Brown Calls Upon EPA to Curb Greenhouse Gases From Ocean-Going Vessels

Tuesday, October 2, 2007
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LOS ANGELES – Citing the “threat of global climate disruption,” California Attorney General Edmund G. Brown Jr. today joined three national environmental organizations in petitioning the United States Environmental Protection Agency to adopt strict greenhouse gas regulations for ocean-going vessels. The petition asks the EPA to make specific findings that ships significantly contribute to global warming.

At a news conference at the attorney general’s headquarters in Los Angeles, Brown said: “The U.S. EPA has the authority to curb greenhouse gas emissions and our petition today asks the agency to exercise that authority without delay.”

Ocean-going vessels, in total, emit more CO2 emissions than any nation in the world except the U.S., Russia, China, Japan, India and Germany. Ominously, these emissions are projected to increase nearly 75% during the next 20 years.

“International law guarantees a right of ‘innocent passage’ for all ocean-going vessels, but this right does not include polluting the air or water near our coastal cities,” Brown said. “If the U.S. is to do its part in reducing the threat of global climate disruption, then EPA must limit the global warming emissions from ships that enter the ports of the United States,” Brown added.

Under the Clean Air Act, California has the authority to file a petition asking the EPA to establish CO2 emissions standards. In the petition filed today, Brown asks the EPA to:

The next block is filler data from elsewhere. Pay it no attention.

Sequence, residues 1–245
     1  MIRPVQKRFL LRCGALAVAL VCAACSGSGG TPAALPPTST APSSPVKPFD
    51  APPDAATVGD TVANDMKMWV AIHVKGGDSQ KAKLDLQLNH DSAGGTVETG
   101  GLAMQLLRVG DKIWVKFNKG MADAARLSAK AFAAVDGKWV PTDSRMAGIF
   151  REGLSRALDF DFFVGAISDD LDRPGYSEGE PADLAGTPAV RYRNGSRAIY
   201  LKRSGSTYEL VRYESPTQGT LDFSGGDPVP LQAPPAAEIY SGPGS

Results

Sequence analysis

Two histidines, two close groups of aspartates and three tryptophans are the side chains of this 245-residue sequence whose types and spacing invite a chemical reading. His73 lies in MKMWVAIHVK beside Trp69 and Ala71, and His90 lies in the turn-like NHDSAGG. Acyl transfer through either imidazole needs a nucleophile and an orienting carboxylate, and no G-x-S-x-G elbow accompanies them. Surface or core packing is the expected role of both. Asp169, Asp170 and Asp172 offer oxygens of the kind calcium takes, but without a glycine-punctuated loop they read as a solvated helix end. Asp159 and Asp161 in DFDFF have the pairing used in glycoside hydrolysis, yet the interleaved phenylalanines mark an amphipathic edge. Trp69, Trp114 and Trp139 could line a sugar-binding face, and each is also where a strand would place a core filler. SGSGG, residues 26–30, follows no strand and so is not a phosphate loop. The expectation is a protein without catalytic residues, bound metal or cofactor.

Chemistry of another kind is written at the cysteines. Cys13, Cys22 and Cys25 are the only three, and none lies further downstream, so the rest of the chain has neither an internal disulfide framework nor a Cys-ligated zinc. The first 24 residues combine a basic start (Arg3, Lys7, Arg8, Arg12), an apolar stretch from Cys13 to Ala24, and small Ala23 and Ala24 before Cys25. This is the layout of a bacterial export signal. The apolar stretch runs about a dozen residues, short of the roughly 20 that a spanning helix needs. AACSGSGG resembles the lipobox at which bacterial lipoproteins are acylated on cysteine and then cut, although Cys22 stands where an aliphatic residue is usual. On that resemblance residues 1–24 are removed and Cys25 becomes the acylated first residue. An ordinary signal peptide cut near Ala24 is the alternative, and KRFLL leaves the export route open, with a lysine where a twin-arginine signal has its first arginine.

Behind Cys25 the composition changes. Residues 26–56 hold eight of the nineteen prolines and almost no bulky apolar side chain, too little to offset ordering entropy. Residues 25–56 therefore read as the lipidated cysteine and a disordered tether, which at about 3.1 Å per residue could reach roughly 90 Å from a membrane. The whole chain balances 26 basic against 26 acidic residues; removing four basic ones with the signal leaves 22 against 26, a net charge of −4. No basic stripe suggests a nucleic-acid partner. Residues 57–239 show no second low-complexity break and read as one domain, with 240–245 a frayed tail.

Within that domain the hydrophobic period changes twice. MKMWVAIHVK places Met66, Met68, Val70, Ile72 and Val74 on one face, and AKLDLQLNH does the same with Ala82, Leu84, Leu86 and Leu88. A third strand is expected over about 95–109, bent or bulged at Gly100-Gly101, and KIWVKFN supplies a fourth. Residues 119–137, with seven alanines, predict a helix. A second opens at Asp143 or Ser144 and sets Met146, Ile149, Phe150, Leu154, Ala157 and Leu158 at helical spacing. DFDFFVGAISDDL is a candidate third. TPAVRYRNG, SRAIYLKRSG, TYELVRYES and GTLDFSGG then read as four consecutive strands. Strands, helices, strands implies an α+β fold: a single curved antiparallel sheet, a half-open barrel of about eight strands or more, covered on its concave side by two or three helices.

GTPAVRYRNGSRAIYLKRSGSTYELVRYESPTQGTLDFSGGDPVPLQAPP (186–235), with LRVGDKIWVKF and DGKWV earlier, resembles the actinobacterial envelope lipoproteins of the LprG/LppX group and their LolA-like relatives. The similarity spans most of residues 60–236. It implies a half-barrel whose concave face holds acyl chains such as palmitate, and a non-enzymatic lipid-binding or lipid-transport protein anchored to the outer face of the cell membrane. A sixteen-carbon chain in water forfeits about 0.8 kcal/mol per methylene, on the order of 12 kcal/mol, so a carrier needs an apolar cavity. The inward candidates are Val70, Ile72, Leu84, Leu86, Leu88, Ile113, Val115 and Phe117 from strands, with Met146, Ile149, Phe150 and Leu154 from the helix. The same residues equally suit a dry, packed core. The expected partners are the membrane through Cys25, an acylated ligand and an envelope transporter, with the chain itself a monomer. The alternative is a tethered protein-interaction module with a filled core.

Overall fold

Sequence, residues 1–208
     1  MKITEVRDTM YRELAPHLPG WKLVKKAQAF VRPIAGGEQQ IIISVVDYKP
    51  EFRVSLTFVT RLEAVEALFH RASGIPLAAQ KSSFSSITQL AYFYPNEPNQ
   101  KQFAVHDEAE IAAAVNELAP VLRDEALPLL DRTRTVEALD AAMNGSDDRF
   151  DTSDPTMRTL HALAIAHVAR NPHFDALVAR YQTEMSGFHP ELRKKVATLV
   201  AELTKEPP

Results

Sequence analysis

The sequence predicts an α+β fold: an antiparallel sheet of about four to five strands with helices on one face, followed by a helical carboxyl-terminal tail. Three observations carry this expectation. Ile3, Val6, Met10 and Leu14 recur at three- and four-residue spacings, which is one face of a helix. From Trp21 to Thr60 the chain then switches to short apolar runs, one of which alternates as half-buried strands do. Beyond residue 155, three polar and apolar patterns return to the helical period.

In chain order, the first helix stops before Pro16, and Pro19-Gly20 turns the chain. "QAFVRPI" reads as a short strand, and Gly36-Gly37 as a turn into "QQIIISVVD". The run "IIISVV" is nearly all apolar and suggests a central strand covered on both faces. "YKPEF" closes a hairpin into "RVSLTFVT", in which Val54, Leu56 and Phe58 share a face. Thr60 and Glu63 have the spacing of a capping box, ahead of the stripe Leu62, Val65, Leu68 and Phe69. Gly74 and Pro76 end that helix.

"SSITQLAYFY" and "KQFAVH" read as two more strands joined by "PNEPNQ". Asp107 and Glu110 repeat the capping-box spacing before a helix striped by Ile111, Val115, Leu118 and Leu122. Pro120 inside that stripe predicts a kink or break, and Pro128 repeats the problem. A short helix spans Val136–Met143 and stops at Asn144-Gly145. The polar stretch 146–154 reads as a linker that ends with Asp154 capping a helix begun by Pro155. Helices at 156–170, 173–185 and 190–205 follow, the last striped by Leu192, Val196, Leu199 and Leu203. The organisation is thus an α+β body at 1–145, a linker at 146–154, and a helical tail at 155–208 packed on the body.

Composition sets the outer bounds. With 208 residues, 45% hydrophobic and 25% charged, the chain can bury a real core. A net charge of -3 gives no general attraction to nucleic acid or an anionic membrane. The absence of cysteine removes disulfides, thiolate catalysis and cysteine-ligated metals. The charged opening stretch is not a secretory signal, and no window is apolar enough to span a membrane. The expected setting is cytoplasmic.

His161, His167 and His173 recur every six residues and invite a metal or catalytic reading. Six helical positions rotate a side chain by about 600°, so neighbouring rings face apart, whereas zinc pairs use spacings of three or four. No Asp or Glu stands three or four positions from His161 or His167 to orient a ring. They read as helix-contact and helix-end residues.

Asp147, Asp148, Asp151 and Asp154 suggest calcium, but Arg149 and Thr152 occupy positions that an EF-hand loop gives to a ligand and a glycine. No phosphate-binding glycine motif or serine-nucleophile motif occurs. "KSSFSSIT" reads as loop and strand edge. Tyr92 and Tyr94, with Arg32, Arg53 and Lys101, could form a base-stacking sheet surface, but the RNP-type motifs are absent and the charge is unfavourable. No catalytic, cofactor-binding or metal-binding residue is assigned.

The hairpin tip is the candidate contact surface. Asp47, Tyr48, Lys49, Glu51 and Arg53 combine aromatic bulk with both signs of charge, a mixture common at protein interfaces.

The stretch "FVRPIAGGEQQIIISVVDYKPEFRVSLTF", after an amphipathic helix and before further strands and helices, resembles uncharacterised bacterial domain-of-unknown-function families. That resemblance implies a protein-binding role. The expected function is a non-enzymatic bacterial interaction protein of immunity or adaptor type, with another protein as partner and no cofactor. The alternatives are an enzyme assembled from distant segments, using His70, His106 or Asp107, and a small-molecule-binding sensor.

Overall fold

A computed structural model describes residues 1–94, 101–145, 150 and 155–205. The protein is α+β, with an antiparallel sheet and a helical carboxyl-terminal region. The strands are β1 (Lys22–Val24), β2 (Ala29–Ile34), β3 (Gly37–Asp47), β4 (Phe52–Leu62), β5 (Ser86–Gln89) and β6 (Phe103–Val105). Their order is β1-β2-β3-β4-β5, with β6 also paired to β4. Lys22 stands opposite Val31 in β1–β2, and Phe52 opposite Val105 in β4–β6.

• Make a finding that carbon dioxide emissions from ocean-going vessels contribute to air pollution and endanger human health and welfare.
• Set standards for reducing such carbon dioxide emissions.

Brown said that under the reasoning of the United States Supreme Court’s holding in Massachusetts v. EPA, the Environmental Protection Agency has the authority to adopt standards for greenhouse gas emissions from vessels that enter U.S. territorial waters.

The United Nations International Maritime Organization (IMO) has authority under international treaties to establish pollution standards for vessels but to date has failed to adopt controls on greenhouse gas emissions. At a recent meeting of the IMO Marine Environment Protection Committee, it was agreed to inventory greenhouse gases by 2009, but no commitment was made to regulate such emissions.

The state’s petition to EPA is attached.

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